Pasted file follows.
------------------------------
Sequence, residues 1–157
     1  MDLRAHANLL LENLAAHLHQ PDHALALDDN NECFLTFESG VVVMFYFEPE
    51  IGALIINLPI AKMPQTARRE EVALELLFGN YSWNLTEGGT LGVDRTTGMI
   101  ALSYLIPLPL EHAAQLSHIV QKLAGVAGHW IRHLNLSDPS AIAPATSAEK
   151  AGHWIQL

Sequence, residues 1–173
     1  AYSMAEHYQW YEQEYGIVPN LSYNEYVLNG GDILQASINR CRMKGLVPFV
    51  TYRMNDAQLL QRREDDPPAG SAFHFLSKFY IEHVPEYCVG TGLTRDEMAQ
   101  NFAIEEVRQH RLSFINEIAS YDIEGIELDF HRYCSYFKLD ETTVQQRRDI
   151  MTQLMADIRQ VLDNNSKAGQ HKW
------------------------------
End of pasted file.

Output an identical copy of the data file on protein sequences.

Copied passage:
Sequence, residues 1–157
     1  MDLRAHANLL LENLAAHLHQ PDHALALDDN NECFLTFESG VVVMFYFEPE
    51  IGALIINLPI AKMPQTARRE EVALELLFGN YSWNLTEGGT LGVDRTTGMI
   101  ALSYLIPLPL EHAAQLSHIV QKLAGVAGHW IRHLNLSDPS AIAPATSAEK
   151  AGHWIQL

Sequence, residues 1–173
     1  AYSMAEHYQW YEQEYGIVPN LSYNEYVLNG GDILQASINR CRMKGLVPFV
    51  TYRMNDAQLL QRREDDPPAG SAFHFLSKFY IEHVPEYCVG TGLTRDEMAQ
   101  NFAIEEVRQH RLSFINEIAS YDIEGIELDF HRYCSYFKLD ETTVQQRRDI
   151  MTQLMADIRQ VLDNNSKAGQ HKW